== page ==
Oscar Pung  

Petal Tips by Oscar Pung

August 2019 - Petal Tips

About the Image(s)

Photographing flowers is not usually my cup of tea but I got inspired by the online macro workshop Charles Needles recently did for the PSA. This photo is my interpretation of his suggestions.

The subject is a small sunflower purchased in a bouquet at the local farmers' market. This a single exposure taken in window light at 1/30 sec, f/5.6, ISO 800 using my Canon 100 mm macro with a 500D close-up lens attached. Adjustments made in Lightroom. Charles Needles recommended opening the aperture all the way but I liked getting a little more depth of focus for this particular image at f/5.6.

This round’s discussion is now closed!
9 comments posted

Mark Southard   Mark Southard
(Groups 8 & 18)
Wow ! Simplicity at its best . Really love this tight up close image. Consider cloning out the one small out of focus leaf   Posted: 08/10/2019 16:21:45
Oscar Pung   Oscar Pung
Thanks Mark. Appreciate your suggestion.   Posted: 08/11/2019 10:56:00

Lynne Hollingsworth   Lynne Hollingsworth
I love it! So often simple is better. The texture of the leaves is pleasant and the colors are great. I agree with Mark our visitor this month when he suggests cloning out the one small focus leaf. I might clone a bit off the left, but that's a subjective call.   Posted: 08/10/2019 17:42:41
Oscar Pung   Oscar Pung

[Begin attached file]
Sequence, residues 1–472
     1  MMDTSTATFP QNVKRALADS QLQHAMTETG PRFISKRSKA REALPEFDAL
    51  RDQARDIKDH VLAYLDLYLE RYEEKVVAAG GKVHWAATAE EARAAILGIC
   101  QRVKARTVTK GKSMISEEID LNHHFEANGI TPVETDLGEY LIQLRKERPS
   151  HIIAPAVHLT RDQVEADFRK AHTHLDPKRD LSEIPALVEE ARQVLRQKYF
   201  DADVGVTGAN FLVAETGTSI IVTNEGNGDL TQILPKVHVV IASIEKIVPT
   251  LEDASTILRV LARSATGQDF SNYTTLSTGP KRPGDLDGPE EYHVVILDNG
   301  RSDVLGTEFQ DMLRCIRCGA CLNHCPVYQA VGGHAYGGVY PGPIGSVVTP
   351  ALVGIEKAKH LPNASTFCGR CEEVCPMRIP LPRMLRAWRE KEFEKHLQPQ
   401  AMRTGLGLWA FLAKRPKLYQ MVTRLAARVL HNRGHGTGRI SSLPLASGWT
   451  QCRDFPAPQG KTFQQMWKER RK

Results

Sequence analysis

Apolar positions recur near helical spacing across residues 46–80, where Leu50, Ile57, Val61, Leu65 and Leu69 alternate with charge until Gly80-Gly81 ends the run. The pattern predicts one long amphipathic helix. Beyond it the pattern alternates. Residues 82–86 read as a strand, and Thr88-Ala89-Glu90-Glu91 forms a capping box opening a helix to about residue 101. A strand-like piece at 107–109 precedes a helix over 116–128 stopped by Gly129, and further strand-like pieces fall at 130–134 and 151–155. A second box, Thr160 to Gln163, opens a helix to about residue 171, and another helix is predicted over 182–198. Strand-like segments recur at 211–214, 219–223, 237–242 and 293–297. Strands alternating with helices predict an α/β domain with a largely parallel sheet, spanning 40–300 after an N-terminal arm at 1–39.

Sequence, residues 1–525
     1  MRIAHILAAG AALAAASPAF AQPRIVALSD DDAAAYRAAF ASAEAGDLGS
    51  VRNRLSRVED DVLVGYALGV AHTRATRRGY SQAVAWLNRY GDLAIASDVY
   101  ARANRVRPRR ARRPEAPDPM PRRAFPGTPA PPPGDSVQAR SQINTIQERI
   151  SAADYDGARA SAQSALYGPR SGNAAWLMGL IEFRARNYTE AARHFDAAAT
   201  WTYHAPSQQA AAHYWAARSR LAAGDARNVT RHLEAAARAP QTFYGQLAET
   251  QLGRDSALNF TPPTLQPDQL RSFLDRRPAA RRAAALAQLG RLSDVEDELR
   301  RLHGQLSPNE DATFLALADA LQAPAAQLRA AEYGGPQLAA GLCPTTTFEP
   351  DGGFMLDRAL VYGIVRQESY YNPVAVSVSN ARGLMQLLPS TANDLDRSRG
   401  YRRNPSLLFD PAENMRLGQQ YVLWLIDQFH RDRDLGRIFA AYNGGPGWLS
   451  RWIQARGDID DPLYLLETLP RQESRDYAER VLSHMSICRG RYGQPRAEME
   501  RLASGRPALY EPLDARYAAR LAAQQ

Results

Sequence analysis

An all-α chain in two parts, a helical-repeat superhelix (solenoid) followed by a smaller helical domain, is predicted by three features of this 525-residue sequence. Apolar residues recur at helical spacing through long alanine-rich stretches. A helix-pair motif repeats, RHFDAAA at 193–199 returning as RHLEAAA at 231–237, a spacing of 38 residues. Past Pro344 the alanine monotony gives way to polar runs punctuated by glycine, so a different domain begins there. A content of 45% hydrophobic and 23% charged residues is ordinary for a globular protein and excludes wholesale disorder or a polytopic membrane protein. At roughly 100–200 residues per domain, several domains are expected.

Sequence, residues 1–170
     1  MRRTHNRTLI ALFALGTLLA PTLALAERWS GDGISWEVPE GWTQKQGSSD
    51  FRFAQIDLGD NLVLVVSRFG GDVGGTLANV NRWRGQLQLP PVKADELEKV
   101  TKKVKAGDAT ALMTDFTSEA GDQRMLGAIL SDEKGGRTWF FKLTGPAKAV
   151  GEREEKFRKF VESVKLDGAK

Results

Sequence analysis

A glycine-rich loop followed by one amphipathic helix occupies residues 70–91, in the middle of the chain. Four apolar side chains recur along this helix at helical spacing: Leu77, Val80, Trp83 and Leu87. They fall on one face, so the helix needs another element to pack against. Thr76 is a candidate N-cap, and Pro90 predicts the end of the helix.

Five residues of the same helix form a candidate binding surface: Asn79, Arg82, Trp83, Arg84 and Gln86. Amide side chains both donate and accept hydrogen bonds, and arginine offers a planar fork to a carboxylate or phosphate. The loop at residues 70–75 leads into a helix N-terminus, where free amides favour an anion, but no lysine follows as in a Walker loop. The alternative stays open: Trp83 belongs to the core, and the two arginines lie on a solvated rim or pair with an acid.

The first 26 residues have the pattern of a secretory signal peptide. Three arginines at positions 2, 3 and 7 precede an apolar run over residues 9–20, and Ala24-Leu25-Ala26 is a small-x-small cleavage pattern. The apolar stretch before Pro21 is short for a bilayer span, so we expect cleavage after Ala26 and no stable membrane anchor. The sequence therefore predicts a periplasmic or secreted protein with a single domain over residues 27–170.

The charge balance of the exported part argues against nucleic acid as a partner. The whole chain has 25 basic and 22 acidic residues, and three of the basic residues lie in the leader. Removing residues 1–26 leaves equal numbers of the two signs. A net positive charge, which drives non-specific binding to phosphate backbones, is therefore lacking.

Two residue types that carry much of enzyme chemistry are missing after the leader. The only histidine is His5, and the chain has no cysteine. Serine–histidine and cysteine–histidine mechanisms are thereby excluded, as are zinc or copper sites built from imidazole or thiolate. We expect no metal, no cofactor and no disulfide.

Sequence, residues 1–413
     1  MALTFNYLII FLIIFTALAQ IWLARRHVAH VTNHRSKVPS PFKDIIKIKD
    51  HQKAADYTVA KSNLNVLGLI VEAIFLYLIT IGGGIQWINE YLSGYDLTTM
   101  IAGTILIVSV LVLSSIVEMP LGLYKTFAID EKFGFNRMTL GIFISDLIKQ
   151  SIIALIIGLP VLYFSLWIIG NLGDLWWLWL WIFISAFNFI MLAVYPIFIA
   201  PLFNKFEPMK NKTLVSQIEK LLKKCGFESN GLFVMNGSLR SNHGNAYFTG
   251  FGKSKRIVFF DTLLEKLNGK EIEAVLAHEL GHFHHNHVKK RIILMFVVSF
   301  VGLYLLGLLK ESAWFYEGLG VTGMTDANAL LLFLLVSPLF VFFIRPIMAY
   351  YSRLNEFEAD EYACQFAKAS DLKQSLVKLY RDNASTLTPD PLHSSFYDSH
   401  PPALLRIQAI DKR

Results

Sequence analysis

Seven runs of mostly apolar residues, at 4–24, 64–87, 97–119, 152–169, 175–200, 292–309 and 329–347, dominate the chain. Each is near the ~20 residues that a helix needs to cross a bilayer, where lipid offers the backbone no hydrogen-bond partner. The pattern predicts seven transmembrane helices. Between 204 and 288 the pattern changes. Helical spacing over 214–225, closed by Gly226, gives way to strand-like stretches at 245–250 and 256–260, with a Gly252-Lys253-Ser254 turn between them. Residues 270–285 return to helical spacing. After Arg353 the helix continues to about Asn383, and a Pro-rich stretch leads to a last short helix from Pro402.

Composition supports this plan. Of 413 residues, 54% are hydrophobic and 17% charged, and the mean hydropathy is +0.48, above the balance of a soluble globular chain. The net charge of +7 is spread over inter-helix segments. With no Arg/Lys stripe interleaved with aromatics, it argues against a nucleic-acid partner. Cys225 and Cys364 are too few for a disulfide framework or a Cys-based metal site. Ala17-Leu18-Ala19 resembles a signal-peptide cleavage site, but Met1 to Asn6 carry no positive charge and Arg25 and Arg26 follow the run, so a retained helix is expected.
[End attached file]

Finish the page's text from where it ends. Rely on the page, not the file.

Thanks Lynne. I've removed the leaf and did a little cropping to rebalance the image. Better?   Posted: 08/11/2019 11:56:39
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Charles Ginsburgh   Charles Ginsburgh
Let me echo the thoughts regarding the simplicity of the image. I find that I enjoy the texture within the petals but then run into the last blurred petal at the left. To my eye this less district and merged petal disrupts that flow of the image and as such stands out considerably. If this were my image I would be tempted to add back a little precision at the petal border to make it a bit more district from the background. I would try this by creating a selection in Photoshop of the petal and clone in some of the petal lightness in to the petal side of the petal/background border, and some of the background darkness on to the background side of the petal/background border. If you do this on its own layer, you can then blend in the correction to taste by adjusting the opacity of the edited layer.

I have included an example of what I am talking about to demonstrate this.

Let me know who you like how this subtle change impacts the entire image.
  Posted: 08/16/2019 15:41:58
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Oscar Pung   Oscar Pung
Thanks Charlie. I see what you mean and your edits do look better to my eye. I'll give it a shot.   Posted: 08/17/2019 10:39:13

Janos Demeter   Janos Demeter
(Group 73)
simple and elegant. The fact itself that you took the photo with the petals "upside down" adds. Concerning the blurred petals, it is interesting that if it is only a little blurred it looks like a mistake and should cloned out. However, if it is more blurred - like here - to me it becomes part of the background and the image is richer.   Posted: 08/19/2019 00:58:40
Oscar Pung   Oscar Pung
Thanks Janos. I guess blur beauty is in the eye of the beholder?   Posted: 08/20/2019 08:31:42

Angela Chan   Angela Chan
Love the color contrast between the two opposite colors yellow and blue .
The one blurry petal against multiple sharp petals create :
1, Blurry vs sharp
2. upward slant vs overall downward slant
3. no texture vs good texture with bright and shadow parts.
Only 2 elements, 2 colors ...great example of good, simple image ! ! !   Posted: 08/27/2019 09:57:12